Netflix Earnings Blow Away Expectations as Content is King Amid Pandemic
Sam primarily covers entertainment and media for dot.LA. Previously he was Marjorie Deane Fellow at The Economist, where he wrote for the business and finance sections of the print edition. He has also worked at the XPRIZE Foundation, U.S. Government Accountability Office, KCRW, and MLB Advanced Media (now Disney Streaming Services). He holds an MBA from UCLA Anderson, an MPP from UCLA Luskin and a BA in History from University of Michigan. Email him at samblake@dot.LA and find him on Twitter @hisamblake
Netflix's earnings announcement on Tuesday held no real surprises for Wall Street despite global subscriber growth obliterating expectations as fiercely as Joe Exotic's tigers tearing into a hunk of raw meat.
After all, the world is on lockdown amid the coronavirus pandemic and Netflix has dominated a captive audience looking for content. The streaming behemoth itself acknowledged in its quarterly letter to investors that it is likely riding an unsustainable wave.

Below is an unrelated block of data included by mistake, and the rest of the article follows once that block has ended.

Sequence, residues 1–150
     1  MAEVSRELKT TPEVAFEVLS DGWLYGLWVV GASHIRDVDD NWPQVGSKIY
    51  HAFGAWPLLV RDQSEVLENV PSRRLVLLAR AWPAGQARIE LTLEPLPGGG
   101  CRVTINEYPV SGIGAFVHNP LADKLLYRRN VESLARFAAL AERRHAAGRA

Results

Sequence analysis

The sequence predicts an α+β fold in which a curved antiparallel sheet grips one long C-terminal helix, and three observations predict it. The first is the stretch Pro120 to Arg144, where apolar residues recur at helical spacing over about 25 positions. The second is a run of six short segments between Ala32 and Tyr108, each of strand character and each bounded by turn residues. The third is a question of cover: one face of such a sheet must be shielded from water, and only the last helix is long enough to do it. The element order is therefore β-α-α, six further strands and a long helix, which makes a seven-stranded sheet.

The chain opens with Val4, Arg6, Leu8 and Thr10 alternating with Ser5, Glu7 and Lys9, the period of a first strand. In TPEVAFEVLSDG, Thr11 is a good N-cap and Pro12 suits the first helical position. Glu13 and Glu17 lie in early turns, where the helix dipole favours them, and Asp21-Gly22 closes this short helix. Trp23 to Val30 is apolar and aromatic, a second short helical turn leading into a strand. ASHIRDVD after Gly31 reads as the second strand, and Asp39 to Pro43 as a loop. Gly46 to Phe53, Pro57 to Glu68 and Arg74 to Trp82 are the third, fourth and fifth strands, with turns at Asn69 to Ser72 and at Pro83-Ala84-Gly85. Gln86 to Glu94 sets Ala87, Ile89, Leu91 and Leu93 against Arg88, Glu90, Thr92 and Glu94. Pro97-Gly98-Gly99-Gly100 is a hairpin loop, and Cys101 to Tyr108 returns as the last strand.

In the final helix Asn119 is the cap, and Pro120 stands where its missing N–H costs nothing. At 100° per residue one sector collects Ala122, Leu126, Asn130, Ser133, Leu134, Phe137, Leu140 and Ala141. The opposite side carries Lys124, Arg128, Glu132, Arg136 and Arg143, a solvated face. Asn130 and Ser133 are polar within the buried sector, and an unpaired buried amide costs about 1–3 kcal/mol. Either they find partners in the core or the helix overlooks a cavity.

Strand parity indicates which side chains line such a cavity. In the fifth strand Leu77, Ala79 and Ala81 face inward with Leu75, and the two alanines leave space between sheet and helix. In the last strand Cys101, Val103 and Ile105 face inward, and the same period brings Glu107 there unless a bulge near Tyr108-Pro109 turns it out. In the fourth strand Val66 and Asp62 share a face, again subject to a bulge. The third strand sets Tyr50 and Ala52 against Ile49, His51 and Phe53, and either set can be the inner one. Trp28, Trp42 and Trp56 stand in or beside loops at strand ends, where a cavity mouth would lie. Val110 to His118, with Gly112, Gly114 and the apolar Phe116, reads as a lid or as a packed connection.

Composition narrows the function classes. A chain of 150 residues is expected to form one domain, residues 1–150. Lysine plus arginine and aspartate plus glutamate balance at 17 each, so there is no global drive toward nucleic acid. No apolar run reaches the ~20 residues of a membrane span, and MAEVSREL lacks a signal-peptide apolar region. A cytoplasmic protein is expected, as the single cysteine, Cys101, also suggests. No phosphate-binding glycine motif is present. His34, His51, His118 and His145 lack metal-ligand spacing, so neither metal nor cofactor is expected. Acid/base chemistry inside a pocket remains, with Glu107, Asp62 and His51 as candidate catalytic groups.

"We expect viewing to decline and membership growth to decelerate as home confinement ends, which we hope is soon," the company wrote.
Although subscriber figures ballooned (up nearly 16 million to just shy of 183 million total), Netflix's earnings per share fell short of expectations, which the company attributed to a strengthening U.S. dollar that has weakened its relatively strong international foothold, along with the various relief efforts that it has helped fund to the tune of $150 million.